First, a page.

Here’s an example of type... In my memory? Which is touch and go as I’m fading in and out of consciousness... I remember being carried. I remember a truck. I remember a helicopter. I remember the hospital. <<< What actually happened? Carried. Helicopter. Plane. Hospital. What the f*ck happened to the truck??? Either it never existed, and it just “made sense” that we’d have been driven out so my mind supplied all the details... or I dreamt it... or I saw a truck I didn’t ride in... or someone may have been talking about their new truck, or someone put ears on me to quit the ride which made it feel like a truck and they got knocked off, or we hit some air currents that jogged a memory of a road surface I’m familiar with... or, or, or. And why the hell don’t I remember a plane? At all? Shrug. No idea. Maybe I was out cold for that whole piece. Maybe morphine was making me DGAF about where I was. No idea. But there was a plane. And there wasn’t a truck.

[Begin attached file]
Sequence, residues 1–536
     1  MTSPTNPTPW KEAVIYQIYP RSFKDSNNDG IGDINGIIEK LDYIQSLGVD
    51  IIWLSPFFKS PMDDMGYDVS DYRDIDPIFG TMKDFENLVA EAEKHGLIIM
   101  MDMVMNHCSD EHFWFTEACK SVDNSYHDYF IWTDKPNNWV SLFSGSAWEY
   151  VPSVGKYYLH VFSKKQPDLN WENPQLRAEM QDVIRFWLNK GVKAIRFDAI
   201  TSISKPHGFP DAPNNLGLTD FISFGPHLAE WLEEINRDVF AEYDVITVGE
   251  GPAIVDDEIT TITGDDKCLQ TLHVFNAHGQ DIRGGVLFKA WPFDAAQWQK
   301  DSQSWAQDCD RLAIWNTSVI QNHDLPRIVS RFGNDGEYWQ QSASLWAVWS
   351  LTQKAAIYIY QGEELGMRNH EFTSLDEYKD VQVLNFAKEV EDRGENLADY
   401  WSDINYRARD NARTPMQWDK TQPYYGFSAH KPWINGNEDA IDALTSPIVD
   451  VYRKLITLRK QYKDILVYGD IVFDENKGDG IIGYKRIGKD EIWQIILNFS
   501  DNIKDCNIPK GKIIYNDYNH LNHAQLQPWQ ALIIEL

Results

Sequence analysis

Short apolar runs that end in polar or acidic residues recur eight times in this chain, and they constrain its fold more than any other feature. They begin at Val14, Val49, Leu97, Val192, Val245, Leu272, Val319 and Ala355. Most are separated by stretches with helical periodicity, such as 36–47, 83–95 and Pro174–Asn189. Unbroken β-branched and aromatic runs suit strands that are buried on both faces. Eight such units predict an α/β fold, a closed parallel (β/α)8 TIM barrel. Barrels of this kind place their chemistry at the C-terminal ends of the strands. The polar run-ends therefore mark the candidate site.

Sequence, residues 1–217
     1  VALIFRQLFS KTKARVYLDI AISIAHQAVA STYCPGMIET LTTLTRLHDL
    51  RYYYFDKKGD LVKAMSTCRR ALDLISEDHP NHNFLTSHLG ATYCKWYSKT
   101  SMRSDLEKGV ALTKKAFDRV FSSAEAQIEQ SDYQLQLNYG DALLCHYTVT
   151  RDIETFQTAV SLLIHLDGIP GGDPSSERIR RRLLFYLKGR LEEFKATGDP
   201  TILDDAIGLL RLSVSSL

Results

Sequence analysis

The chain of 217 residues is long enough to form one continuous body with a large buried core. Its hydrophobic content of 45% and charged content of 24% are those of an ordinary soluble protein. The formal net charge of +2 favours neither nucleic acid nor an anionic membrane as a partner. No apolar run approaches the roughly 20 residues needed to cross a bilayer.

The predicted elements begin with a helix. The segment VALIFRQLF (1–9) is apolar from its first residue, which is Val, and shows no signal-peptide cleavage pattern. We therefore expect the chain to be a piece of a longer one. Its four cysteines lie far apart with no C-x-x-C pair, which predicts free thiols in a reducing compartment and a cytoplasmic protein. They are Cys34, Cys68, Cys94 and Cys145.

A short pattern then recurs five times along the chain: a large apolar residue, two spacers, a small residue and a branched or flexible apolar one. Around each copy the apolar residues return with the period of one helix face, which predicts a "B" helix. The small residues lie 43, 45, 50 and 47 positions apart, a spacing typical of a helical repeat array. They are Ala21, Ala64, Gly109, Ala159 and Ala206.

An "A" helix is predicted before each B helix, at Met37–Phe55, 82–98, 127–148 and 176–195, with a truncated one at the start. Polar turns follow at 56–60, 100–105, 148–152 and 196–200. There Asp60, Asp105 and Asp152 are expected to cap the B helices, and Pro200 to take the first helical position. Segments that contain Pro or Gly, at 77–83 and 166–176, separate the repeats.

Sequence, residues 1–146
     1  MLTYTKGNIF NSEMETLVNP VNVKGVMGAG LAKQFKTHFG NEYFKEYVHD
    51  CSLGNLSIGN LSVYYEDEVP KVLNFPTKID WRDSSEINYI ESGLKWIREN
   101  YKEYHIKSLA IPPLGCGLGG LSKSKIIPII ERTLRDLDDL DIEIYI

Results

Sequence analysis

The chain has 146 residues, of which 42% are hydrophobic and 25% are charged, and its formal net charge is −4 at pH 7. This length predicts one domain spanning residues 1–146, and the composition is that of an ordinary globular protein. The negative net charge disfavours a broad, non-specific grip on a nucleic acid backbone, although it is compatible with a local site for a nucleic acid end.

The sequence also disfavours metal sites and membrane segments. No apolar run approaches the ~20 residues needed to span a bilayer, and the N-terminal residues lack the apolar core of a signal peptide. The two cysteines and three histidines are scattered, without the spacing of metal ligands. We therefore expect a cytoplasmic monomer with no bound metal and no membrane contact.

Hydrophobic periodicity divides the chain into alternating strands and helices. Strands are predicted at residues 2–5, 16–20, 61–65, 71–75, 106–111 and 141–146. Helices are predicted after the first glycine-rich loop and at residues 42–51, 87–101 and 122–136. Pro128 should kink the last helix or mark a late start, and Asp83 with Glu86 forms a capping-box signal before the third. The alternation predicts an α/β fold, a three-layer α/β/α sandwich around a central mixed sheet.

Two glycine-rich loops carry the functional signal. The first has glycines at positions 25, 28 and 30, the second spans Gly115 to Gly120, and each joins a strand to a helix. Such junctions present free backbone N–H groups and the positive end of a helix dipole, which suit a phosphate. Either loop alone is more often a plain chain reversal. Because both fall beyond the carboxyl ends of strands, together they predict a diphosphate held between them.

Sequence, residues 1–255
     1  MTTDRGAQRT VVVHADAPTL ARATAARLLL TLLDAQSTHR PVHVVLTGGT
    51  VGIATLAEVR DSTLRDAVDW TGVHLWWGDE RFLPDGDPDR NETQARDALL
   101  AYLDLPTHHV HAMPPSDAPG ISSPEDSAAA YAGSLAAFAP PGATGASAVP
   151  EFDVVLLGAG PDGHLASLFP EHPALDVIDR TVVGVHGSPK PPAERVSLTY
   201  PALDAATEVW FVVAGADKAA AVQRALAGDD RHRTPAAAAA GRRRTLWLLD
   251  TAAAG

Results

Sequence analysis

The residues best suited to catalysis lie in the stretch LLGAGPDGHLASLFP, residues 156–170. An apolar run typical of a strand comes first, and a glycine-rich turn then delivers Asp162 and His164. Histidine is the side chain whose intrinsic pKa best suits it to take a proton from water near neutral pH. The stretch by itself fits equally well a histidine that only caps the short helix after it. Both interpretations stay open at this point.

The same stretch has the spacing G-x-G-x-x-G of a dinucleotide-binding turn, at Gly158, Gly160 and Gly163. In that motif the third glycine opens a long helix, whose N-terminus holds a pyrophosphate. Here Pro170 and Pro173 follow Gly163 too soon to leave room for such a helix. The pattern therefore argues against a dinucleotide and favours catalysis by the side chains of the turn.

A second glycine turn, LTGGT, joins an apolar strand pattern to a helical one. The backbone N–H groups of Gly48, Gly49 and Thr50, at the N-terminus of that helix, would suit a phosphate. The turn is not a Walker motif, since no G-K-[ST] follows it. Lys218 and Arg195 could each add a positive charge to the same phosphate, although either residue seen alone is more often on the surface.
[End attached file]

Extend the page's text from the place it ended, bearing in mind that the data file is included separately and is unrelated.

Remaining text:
So back to that “honesty creating a much more dynamic dialogue”? I can talk to the cows come home about how confused, pissed off, etc. I happen to be about that timeline being off. I can work on my trust issues (how can I trust myself if... well? I can trust that blah blah blah) list goes on.
 
Top